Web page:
India, being one of the most important developing economies, fifth largest economy in terms of GDP growth and third largest economy by purchasing power parity (PPP) has been able to mark a place in global politics that is persistently challenged by the Chinese government. Since 1960s, China has been continuously following rhetoric challenging India’s territorial integrity in its shared border and the policies that work against India in terms of economic, geostrategic or political both at regional and global level. These considerations are important factors for India in its support and becoming an active member of the grouping. India shares adjacent maritime border with South China Sea. It provides waterways to India and nearly 55% of India’s trade with Indo-Pacific region including most important commodities like energy and raw materials passes via these trade routes. New Delhi also signed an agreement with Vietnam in 2011 for the exploration of energy resources in its part of the South China Sea. In addition, India perceives the Indo-Pacific countries as potential partner without any conflicting interest for economic growth and regional prosperity as it compliance with India’s ‘Act East Policy’ and ‘Extended Neighbourhood policy’.  The nexus between China and Pakistan and China’s new economic, geostrategic adventure with the development of new connectivity project BRI (Belt and Road Initiative) in the PoK (Pakistan Occupied Kashmir) region extending to other neighbouring countries posing a threat for India. In view of all these factors, New Delhi positively responded in the initiative to establish a concrete dialogue and action plan furthering cooperation with likeminded democratic countries those who shares same concerns for the region.

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The challenges for New Delhi in pursuing the Quad dream is to make a balance in its relations with the group at the same time fulfilling its own interest. While the grouping intended to balance China’s dominance in the region may affect the New Delhi’s engagement with the neighbouring region including China. Both India and China share multi-lateral platform such as BRICS (Brazil, Russia, India, China, South Africa) and SCO (Shanghai Cooperation Orgainsation) while in SCO, China is a founding member and dominant player. New Delhi’s continuous effort to strengthen its relations with Central Asian countries to get access of the Central Asian energy market is another area of concern. Moreover, in the group, India is only share border with China. The military exercise carried out by this group may increase the hostility between India and China since Beijing had already opposed the grouping in the region. Contestation among the Quad member countries in terms of New Delhi’s relations with Moscow, Tehran might hamper Quad to emerge as an important multilateral regional platform in the region vis-a-vis it may cause harm New Delhi’s relations with not only Russia and Iran but with China or neighbouring countries.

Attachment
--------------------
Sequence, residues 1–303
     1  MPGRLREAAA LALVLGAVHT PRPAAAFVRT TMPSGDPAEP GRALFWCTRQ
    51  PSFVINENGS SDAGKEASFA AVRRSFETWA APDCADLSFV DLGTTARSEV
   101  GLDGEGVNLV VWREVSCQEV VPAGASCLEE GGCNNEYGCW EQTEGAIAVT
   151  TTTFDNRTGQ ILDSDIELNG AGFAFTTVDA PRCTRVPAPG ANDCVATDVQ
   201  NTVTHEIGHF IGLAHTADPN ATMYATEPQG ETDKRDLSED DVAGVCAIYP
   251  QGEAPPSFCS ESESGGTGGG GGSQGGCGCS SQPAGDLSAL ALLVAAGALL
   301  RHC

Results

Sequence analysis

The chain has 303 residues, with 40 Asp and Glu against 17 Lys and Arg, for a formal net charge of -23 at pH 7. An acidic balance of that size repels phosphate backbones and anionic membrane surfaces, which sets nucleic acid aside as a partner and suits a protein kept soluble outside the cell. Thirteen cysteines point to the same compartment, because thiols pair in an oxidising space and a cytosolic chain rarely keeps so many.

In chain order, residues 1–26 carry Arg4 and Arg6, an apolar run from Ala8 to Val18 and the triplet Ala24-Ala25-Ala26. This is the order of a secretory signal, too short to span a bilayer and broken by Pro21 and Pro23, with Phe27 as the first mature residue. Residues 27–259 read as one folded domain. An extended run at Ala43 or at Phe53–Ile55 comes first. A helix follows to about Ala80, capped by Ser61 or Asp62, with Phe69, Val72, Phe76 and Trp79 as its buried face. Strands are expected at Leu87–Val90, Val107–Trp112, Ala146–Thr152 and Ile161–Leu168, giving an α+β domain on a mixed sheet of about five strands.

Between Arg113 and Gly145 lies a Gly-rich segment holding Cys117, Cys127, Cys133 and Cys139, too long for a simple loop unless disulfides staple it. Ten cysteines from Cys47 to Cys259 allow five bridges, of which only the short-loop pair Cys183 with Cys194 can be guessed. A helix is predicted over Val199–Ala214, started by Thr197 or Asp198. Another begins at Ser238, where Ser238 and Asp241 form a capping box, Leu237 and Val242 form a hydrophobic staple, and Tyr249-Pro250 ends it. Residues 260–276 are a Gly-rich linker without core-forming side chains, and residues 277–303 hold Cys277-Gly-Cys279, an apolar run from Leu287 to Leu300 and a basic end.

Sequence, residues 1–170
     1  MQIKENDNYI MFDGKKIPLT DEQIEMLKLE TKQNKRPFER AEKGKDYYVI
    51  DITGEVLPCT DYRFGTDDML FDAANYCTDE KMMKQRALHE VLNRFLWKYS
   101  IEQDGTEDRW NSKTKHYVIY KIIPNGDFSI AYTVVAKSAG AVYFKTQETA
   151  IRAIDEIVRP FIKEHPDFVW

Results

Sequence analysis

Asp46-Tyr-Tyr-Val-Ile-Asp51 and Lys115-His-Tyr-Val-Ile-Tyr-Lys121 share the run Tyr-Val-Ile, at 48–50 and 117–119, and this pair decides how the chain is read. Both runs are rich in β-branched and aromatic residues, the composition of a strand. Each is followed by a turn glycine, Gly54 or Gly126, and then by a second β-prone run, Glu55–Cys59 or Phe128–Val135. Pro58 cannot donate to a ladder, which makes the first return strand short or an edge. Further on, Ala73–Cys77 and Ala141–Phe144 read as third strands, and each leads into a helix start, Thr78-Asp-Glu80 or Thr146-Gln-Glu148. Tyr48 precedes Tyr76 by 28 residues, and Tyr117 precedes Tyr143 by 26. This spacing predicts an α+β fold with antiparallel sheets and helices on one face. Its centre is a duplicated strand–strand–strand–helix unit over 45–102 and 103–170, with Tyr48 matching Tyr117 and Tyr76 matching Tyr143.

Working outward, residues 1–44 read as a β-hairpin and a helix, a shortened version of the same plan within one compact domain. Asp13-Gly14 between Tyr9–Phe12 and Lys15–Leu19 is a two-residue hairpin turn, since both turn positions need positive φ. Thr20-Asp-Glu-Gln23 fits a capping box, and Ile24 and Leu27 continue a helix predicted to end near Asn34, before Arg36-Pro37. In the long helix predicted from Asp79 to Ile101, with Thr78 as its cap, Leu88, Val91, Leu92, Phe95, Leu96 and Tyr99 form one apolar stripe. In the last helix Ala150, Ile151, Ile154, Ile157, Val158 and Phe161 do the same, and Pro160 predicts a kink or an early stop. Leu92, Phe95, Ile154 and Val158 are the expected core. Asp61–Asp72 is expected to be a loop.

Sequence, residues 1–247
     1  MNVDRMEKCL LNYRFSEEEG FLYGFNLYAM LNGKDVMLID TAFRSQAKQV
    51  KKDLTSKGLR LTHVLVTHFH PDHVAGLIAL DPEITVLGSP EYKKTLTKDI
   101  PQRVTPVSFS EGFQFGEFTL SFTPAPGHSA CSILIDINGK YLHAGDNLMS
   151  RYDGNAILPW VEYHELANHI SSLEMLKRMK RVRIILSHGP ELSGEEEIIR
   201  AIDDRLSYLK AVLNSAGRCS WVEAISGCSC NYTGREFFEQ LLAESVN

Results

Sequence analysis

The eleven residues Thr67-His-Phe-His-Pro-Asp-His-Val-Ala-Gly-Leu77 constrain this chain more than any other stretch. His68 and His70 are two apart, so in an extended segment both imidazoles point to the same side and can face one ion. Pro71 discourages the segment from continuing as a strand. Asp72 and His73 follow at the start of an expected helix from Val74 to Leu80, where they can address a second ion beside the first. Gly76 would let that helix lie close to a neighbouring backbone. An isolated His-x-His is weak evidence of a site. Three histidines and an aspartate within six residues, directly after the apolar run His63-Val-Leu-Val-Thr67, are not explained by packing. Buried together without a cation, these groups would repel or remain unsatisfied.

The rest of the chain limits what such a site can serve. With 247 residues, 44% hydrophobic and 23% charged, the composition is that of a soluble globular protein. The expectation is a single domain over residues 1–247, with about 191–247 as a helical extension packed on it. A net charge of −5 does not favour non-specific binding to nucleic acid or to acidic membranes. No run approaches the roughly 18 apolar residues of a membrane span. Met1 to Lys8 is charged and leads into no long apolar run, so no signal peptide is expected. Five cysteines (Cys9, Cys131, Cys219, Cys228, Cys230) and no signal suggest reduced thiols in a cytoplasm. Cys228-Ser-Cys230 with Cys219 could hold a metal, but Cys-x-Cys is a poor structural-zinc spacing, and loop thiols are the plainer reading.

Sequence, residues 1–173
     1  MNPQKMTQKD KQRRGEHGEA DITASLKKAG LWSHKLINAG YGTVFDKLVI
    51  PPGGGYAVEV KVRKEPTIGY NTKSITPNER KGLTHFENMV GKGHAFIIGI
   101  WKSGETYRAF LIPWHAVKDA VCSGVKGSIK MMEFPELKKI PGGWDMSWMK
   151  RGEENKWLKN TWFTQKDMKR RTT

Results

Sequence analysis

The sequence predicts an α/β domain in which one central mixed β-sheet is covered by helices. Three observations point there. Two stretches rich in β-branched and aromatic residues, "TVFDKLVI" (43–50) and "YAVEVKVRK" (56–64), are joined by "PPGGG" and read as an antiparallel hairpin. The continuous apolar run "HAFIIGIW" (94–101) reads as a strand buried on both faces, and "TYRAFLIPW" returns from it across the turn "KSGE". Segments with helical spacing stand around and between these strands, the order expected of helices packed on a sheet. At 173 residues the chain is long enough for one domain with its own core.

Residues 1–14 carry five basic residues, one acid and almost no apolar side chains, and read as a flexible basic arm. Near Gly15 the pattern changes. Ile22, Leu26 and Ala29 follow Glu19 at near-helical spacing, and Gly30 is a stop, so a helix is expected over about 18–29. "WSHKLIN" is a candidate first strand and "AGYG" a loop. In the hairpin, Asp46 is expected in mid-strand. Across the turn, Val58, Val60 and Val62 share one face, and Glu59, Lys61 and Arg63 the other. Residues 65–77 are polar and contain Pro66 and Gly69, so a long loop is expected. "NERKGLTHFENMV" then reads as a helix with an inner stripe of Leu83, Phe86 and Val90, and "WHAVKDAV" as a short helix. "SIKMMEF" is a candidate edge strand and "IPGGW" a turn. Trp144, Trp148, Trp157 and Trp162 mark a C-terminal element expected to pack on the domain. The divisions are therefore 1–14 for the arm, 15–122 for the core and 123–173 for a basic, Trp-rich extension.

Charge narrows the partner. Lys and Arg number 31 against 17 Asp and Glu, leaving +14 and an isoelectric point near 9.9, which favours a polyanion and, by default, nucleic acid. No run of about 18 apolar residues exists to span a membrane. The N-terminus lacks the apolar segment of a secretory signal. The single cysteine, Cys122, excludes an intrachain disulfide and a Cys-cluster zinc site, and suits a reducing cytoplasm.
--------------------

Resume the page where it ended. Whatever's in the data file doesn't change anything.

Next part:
The opportunities and challenges in front of New Delhi in furthering the Quad dream is real. An active, engaged and pragmatic foreign policy is required from Indian side to confront the same rather than playing a passive role in its engagement with the region. New Delhi has to be very careful in advancing its relations with the country like USA which might take the advantage of India to get access the South China Sea or Indo-Pacific region. India should be careful to not fall in the proxy trap Washington mostly preferred to check hostile country which is China in the region. In final, New Delhi has to be very careful in balancing and enhancing the aspiration of the ‘Quad’ group member countries at the same without losing its own interest.

(The author is an Assistant Professor, Department of Political Science, Morigaon College. She can be reached at 882638868)